Timepix3 – From event to histo HDF5
This notebook load an event HDF5 created by timepix3 and will output a histogram HDF5 file.
Select your IPTS
Need help using the IPTS selector?
Select the event HDF5 file to use
Using the file selection tool, select the event HDF5 file.
Once the file has been selected, you get a preview of the file structure.
Manually loading the data
This is where you manually need to specify the file path to reach the x, y, and tof arrays.
for example, in this case, the path is events/x, events/y, and events/tof_ns respectively. The 3 arrays must then be specified as followed:
with h5py.File(o_event.input_nexus_file_name, 'r') as nxs: o_event.x_array = np.array(nxs['events']['x'] o_event.y_array = np.array(nxs['events']['y'] o_event.tof_array = np.array(nxs['events']['tof_ns']
Running this cell will display some statistics from the event HDF5, such as min and max values for each array, as well as the total number of events.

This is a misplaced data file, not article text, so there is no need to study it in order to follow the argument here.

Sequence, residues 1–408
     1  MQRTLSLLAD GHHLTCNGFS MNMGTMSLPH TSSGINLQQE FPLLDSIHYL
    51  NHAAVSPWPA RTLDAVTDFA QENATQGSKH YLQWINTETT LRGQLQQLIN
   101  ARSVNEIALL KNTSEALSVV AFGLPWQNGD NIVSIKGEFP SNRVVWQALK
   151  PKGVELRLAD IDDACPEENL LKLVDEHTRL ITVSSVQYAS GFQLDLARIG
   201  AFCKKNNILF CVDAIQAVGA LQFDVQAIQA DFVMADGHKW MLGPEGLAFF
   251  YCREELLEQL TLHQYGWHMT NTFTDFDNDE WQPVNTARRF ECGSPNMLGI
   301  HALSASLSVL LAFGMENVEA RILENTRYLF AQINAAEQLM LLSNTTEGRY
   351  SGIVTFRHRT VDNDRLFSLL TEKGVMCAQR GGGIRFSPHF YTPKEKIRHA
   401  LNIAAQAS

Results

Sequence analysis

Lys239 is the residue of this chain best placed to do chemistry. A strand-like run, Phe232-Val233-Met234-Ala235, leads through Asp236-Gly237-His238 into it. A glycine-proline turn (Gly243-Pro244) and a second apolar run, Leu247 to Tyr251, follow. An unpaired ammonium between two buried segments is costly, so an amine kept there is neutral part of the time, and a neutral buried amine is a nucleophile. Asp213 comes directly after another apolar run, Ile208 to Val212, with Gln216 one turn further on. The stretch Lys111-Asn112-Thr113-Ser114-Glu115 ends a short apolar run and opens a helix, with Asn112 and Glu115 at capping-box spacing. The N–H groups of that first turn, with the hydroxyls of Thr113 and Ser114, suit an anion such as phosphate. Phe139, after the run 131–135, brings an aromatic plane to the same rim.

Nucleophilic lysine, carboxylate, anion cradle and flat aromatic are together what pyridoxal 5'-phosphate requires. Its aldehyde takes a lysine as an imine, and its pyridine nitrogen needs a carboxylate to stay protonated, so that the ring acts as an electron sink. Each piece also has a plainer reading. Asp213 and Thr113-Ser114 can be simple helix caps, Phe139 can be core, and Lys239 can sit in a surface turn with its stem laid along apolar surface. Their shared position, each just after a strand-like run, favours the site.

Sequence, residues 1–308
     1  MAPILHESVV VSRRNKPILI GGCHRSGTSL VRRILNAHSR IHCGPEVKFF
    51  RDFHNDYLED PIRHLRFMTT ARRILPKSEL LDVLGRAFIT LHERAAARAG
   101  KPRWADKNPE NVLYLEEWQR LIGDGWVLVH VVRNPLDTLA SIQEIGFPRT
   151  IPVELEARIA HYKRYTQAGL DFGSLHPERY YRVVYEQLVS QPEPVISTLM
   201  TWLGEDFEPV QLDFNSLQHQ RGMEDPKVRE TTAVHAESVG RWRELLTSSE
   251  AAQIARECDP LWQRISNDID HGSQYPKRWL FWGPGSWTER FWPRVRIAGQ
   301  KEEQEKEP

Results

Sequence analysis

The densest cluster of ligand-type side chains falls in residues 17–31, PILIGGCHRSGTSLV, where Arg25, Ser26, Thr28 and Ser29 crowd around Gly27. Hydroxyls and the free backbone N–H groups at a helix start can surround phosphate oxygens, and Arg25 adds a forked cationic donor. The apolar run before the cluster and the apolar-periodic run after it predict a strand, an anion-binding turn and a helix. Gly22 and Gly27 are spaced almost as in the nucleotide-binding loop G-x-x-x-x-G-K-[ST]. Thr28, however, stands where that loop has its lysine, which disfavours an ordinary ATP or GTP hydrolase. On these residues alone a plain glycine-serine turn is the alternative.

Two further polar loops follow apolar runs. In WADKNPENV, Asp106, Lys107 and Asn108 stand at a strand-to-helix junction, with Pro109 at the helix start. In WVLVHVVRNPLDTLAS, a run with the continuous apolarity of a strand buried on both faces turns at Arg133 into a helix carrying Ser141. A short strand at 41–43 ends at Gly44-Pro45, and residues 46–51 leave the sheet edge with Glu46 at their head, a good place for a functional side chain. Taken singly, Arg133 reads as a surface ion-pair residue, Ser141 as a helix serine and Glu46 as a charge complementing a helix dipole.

Define the MCP detector size
This is where you define the size of the detector. This will then exclude all the x and y outside that range.
Binning data (Zzz)
Select the number of bins you want to end up with, as well as the percentage of events data to use.
Run the next cell to start binning the data.
The higher the percentage, the longer it will take to rebin the data. This time will of course depend on the number of events you have to start with.
Display integrated stack
This display the integrated signal. That means all the bins are added on top of each other.
You can also preview each bin (slice) running this cell. Feel free to change the index (slice #) using the slider.
Export Histogram HDF5
1- Run the first cell to define the output file name (by default, the input event HDF5 file name is given).
2- Run the next cell to use the folder selection tool to define the output folder where the HDF5 histogram file will be created.
Demo of a full running session